Saturday, Sept. 23, 2023|
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State lawmakers today will consider legislation that would legalize the adult recreational use of marijuana.
More than a dozen individuals testified Wednesday during a joint session of the state Senate committees on Health and Human Services and Commerce and Consumer Protection about a bill that would legalize adult recreational use of marijuana.
Senate Bill 375 — a 117-page measure introduced by Sen. Chris Lee, an Oahu Democrat — also would regulate and tax cannabis and manufactured cannabis products for recreational use, and exempt medical cannabis and cannabis products from the general excise tax.
Sen. Joy San Buenaventura, a Puna Democrat and the Health and Human Services chairwoman, deferred voting on the bill until 9:29 a.m. today.
The delay is to allow the Senate Judiciary Committee, which meets at 9 a.m., to hear SB 669, a similar measure introduced by San Buenaventura which several testifiers said they prefer.
Deputy Attorney General Andrew Goff testified against SB 375, “mainly on law enforcement concerns.” He also questioned regulatory and administrative provisions of the legislation.
“This does create a cannabis regulatory authority, but it does not include any personnel that would be able to enforce the regulations that would be created, and definitely not enforce the criminal laws,” Goff said “Also, there’s a little bit of a confusing language on what would be allowed regarding use and possession.
“We’d be happy to work with anybody to iron that out.”
Goff also expressed reservations about a provision to expunge individuals’ criminal convictions for simple marijuana possession.
“The bill requires the AG to go through an automatic expungement process. It would be very costly and time-consuming,” he said. “It does give until Jan. 1, 2025, to automatically expunge. And I would note that our office currently has one person that’s in charge of expunging — and they do not do it quickly.”
The Honolulu Police Department stood on its written testimony, citing a “negative impact on public safety” and concerns about impaired drivers and increased availability of marijuana to juveniles.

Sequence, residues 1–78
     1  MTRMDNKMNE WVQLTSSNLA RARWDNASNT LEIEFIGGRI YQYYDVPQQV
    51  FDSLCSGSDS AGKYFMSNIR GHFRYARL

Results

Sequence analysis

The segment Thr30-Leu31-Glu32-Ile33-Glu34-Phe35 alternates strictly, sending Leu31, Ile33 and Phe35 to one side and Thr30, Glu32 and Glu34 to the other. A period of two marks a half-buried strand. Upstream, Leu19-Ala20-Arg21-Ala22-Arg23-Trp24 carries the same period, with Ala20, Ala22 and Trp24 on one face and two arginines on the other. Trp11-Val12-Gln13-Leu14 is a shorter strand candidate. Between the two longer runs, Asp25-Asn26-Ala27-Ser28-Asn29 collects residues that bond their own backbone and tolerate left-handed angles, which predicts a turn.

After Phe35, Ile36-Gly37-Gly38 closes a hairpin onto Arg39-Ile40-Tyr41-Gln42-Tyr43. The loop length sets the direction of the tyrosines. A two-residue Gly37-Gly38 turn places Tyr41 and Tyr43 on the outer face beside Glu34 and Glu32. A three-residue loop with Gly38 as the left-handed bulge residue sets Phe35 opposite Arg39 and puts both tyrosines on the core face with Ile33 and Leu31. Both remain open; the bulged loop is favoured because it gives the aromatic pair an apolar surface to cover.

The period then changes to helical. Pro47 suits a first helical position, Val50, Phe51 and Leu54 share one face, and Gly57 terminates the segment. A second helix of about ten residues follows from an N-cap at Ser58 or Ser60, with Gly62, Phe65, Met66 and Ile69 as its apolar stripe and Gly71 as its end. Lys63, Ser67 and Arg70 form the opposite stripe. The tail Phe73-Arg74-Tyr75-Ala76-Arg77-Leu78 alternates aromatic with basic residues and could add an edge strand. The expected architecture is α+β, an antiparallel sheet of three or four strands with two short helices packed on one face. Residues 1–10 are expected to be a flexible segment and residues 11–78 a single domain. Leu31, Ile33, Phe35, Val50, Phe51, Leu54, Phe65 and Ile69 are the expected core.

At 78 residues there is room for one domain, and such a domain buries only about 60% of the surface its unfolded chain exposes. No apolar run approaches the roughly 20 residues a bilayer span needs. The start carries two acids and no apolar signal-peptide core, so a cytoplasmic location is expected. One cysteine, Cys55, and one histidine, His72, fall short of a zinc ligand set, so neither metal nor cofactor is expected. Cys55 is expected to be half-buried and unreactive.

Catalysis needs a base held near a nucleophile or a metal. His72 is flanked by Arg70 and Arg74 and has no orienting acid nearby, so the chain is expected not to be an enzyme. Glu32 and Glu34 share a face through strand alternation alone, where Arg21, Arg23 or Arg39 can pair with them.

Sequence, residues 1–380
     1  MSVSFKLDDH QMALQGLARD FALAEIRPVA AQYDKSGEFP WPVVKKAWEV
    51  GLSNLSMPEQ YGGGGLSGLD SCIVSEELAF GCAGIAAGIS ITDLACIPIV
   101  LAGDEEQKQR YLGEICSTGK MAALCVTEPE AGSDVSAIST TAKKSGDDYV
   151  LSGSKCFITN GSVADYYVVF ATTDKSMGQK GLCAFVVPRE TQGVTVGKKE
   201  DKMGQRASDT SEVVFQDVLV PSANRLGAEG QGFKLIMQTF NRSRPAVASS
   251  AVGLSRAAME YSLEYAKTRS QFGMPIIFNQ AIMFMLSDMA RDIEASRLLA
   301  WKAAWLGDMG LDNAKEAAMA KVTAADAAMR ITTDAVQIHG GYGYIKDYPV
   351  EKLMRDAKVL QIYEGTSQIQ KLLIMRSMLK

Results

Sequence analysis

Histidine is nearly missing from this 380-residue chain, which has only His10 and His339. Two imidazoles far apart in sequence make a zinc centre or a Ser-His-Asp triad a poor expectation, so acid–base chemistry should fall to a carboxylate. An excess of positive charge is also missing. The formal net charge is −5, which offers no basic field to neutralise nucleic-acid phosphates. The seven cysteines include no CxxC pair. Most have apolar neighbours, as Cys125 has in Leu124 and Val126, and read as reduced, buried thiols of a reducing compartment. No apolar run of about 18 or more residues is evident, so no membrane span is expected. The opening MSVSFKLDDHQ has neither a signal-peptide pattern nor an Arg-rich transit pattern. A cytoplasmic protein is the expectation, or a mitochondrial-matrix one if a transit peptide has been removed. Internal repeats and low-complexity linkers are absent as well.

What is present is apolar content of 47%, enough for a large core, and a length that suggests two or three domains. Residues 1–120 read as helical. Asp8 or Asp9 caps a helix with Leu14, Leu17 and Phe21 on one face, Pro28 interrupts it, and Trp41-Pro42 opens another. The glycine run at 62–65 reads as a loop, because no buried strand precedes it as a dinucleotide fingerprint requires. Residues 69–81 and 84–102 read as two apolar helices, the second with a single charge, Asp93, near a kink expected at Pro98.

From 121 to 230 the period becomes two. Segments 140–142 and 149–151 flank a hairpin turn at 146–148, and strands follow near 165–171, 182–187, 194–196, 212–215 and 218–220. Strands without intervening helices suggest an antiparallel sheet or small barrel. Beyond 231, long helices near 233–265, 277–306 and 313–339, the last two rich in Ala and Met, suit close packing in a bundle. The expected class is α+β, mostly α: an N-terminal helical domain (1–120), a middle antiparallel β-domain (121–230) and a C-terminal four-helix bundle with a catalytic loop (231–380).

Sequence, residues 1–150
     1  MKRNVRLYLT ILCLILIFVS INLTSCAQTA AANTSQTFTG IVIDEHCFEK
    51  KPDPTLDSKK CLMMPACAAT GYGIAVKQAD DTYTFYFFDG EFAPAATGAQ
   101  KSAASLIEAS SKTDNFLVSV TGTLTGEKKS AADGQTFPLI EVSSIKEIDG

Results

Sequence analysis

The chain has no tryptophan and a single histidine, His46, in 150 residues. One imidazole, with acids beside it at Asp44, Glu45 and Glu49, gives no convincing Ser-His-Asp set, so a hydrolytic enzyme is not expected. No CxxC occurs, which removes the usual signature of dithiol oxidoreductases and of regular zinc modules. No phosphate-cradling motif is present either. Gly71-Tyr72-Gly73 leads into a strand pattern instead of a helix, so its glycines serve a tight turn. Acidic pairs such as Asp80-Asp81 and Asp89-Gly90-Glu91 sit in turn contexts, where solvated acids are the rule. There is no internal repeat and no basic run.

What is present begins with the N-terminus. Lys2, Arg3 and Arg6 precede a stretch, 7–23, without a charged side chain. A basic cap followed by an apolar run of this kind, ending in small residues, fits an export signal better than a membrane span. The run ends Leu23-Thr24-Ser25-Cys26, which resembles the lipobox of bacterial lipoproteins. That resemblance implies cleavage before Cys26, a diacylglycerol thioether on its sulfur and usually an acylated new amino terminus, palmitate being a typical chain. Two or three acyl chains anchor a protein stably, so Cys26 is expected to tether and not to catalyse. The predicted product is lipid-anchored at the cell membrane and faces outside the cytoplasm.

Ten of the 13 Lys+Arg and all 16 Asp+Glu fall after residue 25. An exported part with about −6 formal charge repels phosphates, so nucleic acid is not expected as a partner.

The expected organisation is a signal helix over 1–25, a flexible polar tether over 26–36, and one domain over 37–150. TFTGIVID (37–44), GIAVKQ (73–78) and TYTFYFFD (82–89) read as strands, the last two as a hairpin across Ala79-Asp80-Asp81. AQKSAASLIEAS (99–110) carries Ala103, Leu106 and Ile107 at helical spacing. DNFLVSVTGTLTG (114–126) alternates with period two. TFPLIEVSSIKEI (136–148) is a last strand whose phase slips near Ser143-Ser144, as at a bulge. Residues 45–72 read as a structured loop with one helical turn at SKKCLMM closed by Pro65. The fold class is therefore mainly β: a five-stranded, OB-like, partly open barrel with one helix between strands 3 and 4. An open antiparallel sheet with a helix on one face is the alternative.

Also providing written testimony in opposition were the American Cancer Society Cancer Action Network — citing its support of a “smoke-free Hawaii” — the Roman Catholic Diocese of Honolulu, Hawaii Family Forum, and the Coalition for a Drug-Free Hawaii.
Nikos Leverenz of the Drug Policy Forum of Hawaii urged passage of the measure. He said it comes at “a really critical time” with “a governor who’s supportive of adult use cannabis legalization.”
“We have bipartisan support for cannabis legalization now, and we hope that this bill can make clear that people who are in the legacy market will be invited to participate,” Leverenz said, referring to individuals in the marijuana industry prior to legalization.
“Our Native Hawaiian communities have been disproportionately impacted by the war on cannabis and the large drug war.”
Tai Cheng, president of Aloha Green Holdings Inc., a medical cannabis company, testified in support of SB 375, but expressed misgivings about the “ambitious nature of this bill.”
“It has a number of provisions that are, you know, high cost and require a lot of time to set up,” Cheng said.
Cheng stated a preference for SB 669, describing it as a “very clean and streamlined bill.”
“And any social equity or expungement, and/or amendments to that bill could be added,” he said.
Randy Gonce, director of the Hawaii Cannabis Industry Association, also testified in support, but said SB 375 presents “a lot of administrative burden,” including a “waiting period” between the start of legalized use and legal sales of cannabis.
“And what we’ve seen in places like New York is, with an administrative burden that doesn’t allow sales from Day One, we see a proliferation of the black market,” he said.
Gonce described SB 669 — which is less than half the length of SB 375 — as “much cleaner.”
“If we get Day One sales, we can really prevent a lot of that black market activity and give (licensees) an entry point into the system,” he said. “And the industry does not care who sells on Day One, but we want to make clear that someone needs to do that to make sure the black market does not pop up and become the de facto retailer for individuals who want their medicine.”
DeVaughn Ward, senior legislative counsel for the Marijuana Policy Project, favored the bill with amendments. He called it “a great model.”
“It does offer a pathway for folks in the legacy market to transition into the regulated market,” Ward told lawmakers. “And it also does provide some … restorative justice measure for folks who … were harmed by the cannabis prohibition,” he said.
Written testimony in support of SB 375 came from the National Organization for the Reform of Marijuana Laws, medical cannabis operators such as Big Island Grown, Habilitat, the Democratic Party of Hawaii, Imua Alliance and Kuakini Hawaiian Civic Club of Kona.
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